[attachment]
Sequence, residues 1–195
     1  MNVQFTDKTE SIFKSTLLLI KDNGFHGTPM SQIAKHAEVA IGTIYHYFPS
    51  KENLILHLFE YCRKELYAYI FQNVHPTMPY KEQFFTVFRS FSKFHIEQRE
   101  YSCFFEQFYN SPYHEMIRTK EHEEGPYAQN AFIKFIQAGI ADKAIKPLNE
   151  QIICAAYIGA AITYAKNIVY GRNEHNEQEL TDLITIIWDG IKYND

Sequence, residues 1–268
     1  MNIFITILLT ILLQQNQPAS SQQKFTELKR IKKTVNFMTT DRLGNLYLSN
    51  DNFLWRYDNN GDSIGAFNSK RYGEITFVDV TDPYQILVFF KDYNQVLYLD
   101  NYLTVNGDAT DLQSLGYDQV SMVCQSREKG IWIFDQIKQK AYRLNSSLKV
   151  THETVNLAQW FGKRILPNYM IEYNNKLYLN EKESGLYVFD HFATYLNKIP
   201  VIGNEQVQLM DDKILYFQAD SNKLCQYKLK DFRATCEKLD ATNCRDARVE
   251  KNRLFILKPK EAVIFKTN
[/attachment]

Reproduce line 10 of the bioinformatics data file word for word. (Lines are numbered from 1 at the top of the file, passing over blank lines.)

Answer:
   151  THETVNLAQW FGKRILPNYM IEYNNKLYLN EKESGLYVFD HFATYLNKIP